My #Sparks Outrage, Explained For People Who Don’t Get It

If at any point you want to stop reading, it is probably a sign that you should continue.

One of my Facebook friends said that the reason Sparks described Verwoerd as smart is that “Verwoerd actually managed to ‘sell’ a brutal racial suppression policy as a sophisticated plan.” He pointed out that “Sparks actually fought apartheid – and Verwoerd – when it mattered. Why ‘when it mattered’? Cause then opponents of the apartheid state were locked up and f***d up and could suddenly lose their lives. Skin colour did not matter. Whiteys were zapped big time as well. That is when Sparks spoke out”.

The clause “when it mattered” reminds me of the aphorism that “Pilate was merciful until it became dangerous,” except, this time it’s not about “when it was safe” to fight apartheid but “when it mattered.” So there were times when apartheid’s effects did not matter.

At any rate, genteel, middle-class feelings of guilt at reaping the fruits of a system that implicates one in its evil, is not the same as a visceral moral outrage at that system. Steve Biko spilled much ink and disillusionment on that distinction: the former waits for “the right time” to act, “when it matters,” that is when the second-classing of whole people groups becomes too blatant an eyesore to ignore, or when the embargoes knock the economy and the national rugby team is banned from playing on the world arena. The rest of the time this pseudo-moral outrage gobbles up as much as it can from the prevailing status quo, throwing the occasional question at its custodians to ease the gnawing guilt of benefitting unfairly from their work.

Sparks says that Verwoerd was smart enough to get white people to participate in an evil regime. In his accompanying silence on the black heroes who toppled that system with as little bloodshed as possible, I see that what counts for smartness is how cleverly those running the system hid its beneficiaries’ moral pollution and complicity from their explicit awareness, and not what it took for black political activists to topple it.

As struggle heroes unmasked apartheid to its white beneficiaries, the narrative of white whiteness (read, “moral spotlessness”) was disturbed along with the greater narrative of white ethicality (read, “We earn our wealth through hard work and nothing else so we are good fathers and husbands and Christians”) by the realization that there was a flaw in the formula. The sheltered world the apartheid government had created was suddenly exposed as a lie. Woeful, the thought that the pride taken in earning an honest living like a good, white Christian person could be sullied by the realization that the opportunity to do so was made possible by a government that exploited an invisible number of invisible people somewhere “over there.” Achievements are rendered unreal when one knows that one got an unfair head start. That’s the system the apartheid government were smart enough to sell to white people, and that was its greatest evil: the moral deceit it perpetuated on white people who subsequently had their self-understanding as good white Christians disturbed by the shocking realization of what they had bought into. The black people who outsmarted it intellectually and forgave its perpetrators morally are not worth a mention. Sparks’ most important story is a white story, and the affronted self-understanding and moral pride of white apartheid beneficiaries prompts words from him while the oppressed lives and struggle heroes who fought the system does not.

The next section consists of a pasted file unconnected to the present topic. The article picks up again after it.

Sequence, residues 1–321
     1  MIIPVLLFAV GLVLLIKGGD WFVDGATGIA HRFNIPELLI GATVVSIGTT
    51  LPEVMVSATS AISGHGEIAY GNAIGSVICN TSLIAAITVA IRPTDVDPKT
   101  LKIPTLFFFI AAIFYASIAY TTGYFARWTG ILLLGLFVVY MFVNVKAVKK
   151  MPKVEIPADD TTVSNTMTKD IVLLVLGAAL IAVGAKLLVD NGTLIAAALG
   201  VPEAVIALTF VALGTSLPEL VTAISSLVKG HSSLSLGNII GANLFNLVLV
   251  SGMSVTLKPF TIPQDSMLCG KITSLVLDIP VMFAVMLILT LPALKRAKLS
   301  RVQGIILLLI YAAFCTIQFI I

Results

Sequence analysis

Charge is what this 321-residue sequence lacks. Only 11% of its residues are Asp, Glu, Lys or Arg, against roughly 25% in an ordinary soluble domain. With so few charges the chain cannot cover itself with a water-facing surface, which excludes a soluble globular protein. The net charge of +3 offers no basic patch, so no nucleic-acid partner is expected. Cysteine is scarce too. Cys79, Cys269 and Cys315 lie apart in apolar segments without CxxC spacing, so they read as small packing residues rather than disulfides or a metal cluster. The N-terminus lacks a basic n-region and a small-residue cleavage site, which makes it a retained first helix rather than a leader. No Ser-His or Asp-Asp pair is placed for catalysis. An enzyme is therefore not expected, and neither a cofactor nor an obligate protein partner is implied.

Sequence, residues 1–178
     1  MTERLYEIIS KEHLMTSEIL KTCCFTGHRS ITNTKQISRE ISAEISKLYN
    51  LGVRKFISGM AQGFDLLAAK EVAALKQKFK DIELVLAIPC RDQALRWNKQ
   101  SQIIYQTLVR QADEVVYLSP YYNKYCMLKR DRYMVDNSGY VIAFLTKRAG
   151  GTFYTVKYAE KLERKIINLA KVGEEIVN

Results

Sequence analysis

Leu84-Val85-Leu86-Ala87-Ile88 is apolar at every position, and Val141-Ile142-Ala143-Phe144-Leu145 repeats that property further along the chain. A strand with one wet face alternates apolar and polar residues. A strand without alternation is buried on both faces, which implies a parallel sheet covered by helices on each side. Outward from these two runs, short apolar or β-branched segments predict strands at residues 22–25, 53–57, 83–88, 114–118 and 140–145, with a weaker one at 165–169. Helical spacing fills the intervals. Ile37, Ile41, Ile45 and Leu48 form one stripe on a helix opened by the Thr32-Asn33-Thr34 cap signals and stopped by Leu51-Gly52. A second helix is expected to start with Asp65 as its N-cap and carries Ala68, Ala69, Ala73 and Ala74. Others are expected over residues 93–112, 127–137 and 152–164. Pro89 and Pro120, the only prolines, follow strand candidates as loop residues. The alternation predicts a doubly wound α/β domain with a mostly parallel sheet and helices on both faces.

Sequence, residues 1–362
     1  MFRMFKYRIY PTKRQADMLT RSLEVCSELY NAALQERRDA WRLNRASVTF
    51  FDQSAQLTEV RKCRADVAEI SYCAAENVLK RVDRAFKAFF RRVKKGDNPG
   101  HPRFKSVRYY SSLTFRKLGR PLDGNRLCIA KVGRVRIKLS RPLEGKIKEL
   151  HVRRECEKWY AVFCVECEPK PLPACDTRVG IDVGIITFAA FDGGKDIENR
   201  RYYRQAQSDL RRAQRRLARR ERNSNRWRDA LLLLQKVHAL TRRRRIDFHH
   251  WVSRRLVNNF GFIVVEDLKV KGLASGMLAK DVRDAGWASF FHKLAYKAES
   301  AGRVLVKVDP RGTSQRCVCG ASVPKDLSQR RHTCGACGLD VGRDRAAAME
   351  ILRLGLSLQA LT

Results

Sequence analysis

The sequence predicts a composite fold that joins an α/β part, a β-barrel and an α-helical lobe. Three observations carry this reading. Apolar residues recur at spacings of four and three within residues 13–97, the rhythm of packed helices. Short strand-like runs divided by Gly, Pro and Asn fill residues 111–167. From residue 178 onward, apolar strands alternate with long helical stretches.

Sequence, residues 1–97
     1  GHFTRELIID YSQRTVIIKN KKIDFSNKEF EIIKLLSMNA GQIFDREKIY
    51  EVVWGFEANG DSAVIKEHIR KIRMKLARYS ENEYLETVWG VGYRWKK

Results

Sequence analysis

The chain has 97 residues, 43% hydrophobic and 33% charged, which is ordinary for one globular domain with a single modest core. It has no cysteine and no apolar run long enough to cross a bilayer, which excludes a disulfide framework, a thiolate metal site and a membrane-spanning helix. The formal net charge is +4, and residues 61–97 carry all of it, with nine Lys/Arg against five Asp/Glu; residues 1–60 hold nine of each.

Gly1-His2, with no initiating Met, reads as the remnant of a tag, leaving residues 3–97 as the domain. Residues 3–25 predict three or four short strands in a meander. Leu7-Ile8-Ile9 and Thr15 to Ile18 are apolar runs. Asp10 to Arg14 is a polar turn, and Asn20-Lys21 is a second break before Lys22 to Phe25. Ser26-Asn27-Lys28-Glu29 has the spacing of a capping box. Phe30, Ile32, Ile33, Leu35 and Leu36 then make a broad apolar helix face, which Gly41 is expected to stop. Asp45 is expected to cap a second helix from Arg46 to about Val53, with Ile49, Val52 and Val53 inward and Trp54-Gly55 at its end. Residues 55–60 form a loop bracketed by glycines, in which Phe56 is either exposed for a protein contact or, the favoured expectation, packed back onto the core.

Where do I get off locating Sparks’ moral outrage at apartheid’s involving white people in something so morally “black,” when he may legitimately find apartheid morally offensive for what it did to black people instead? I get off from his list and his explanation for it, that’s where; I get it from the absence of black names. Now, Sparks said that apartheid was a crime against “humanity.” When the humans comprising that vast, wonderful abstraction called humanity do not have names, then the crime against humanity may as well be the crime of incriminating white people in what disturbed the narrative of white moral whiteness. The crime against humanity could be anything until names are named. And Sparks named names: his biggest heroes, and I imagine, victims, were white. So apartheid not only hurt white people by setting them up to have their pristine group image popped in 1994 when the resources to keep the illusion ran out, but also continues to hurt them by making them feel terribly guilty every time their focus is taken off of Helen Zille who has “smartly” managed to balance white privilege against the reality of the cost it exacted. It hurts like hell to discover that one may have benefited from the suffering of others. Who are those others? It does not matter; when the need to fixate on how one has lost one’s innocence and the corresponding belief that one was earning my way in life by fair means is that strong, one does not need to know who the others were. One’s greatest need becomes a “smart” politician who can fix one’s self-image as an innocent who achieves success fair-and-square.

By listing only white politicians and not black ones, Sparks reveals that what he was looking for was not any politician, black or white, who would remove the blood-red sin of apartheid, but a “smart” politician who would restore his self-worth as a good white person. That’s where white politicians come in handy. That the crime happened to be apartheid against black people is incidental; it was “sold” to white people who were “outsmarted” into parting with their moral whiteness. Terrible, this charlatan Verwoerd and what he did to white people.